Astronaut Scott Kelly to retire from NASA in April
Kelly broke the American record for most cumulative time in space during his one-year mission, accruing 520 days.
NASA astronaut and one-year crew member Scott Kelly announced that he will retire from the agency, effective from 1 April 2016.
Kelly joined the astronaut corps in 1996 and currently holds the American record for most time (520 days) spent in space. Kelly’s 340-day mission eclipsed the previous US record long space flight of 215 days, set by former astronaut Michael Lopez-Alegria aboard the space station in 2007.
Kelly and Russian cosmonaut Mikhail Kornienko returned to Earth in first week of March 2016 after nearly a year on the International Space Station, the longest US space mission on record, intended to pave the way for human travel to Mars.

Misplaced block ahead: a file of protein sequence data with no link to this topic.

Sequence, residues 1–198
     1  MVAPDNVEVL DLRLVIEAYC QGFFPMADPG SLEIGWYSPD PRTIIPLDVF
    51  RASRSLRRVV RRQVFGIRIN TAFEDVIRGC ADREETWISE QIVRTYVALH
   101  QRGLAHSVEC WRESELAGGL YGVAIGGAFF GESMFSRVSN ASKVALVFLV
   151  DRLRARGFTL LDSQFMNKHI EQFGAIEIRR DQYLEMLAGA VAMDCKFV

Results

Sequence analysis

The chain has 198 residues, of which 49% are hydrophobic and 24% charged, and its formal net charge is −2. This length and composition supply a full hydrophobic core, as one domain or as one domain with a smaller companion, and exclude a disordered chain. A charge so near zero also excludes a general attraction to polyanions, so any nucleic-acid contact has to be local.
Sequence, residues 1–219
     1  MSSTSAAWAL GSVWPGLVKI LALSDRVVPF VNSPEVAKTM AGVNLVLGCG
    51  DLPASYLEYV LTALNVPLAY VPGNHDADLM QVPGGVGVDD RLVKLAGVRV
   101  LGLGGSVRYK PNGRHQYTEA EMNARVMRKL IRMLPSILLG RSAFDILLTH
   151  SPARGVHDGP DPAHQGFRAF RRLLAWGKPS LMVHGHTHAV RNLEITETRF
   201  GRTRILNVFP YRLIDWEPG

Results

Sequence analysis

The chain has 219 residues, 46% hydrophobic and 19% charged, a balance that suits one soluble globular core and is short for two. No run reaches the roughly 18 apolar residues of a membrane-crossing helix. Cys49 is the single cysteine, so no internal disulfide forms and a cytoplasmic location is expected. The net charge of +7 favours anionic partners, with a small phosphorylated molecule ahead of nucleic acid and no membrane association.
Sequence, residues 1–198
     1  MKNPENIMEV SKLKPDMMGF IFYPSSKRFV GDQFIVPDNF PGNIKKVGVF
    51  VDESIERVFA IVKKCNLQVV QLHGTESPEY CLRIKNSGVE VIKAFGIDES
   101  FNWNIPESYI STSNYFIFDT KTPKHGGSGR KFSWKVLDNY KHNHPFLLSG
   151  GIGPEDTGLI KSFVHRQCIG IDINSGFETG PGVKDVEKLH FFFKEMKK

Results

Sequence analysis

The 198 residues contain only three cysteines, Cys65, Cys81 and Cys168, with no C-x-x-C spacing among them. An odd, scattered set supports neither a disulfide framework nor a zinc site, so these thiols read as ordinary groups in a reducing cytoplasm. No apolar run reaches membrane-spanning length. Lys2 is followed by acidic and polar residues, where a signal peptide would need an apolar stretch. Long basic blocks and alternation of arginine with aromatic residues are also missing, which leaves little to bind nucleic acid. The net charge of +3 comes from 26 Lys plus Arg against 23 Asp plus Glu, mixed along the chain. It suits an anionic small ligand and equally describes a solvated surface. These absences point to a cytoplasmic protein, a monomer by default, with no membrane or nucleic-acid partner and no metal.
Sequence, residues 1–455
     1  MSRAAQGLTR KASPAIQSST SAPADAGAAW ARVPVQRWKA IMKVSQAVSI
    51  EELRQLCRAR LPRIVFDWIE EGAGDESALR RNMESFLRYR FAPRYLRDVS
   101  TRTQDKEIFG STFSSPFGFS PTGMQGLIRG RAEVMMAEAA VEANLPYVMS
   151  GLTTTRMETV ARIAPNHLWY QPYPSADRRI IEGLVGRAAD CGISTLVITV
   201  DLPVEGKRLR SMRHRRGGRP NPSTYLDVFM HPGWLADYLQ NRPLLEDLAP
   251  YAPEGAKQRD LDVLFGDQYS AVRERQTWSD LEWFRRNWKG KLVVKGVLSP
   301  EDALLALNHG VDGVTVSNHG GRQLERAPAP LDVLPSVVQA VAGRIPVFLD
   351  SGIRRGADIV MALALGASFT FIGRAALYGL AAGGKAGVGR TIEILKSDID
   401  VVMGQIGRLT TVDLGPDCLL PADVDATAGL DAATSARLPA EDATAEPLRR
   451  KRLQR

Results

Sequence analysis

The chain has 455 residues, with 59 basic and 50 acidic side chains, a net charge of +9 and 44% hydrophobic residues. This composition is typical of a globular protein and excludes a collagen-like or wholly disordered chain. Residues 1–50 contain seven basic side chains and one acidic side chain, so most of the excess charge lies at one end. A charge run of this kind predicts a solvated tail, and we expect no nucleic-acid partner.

NASA said that after retiring, Kelly, 52, would still work on ongoing research related to his time in space. He will provide periodic medical samples and support other testing in much the same way that his twin brother, former astronaut Mark Kelly, made himself available for NASA’s Twins Study during his brother’s mission.
He flew in space four times beginning with space shuttle Discovery’s trip to NASA’s Hubble Space Telescope on the STS-103 servicing mission in 1999. On his second mission, STS-118, he crossed the threshold of the International Space Station for the first time as commander of space shuttle Endeavour. He returned to the station for a six-month stay in 2010, commanding Expedition 26.
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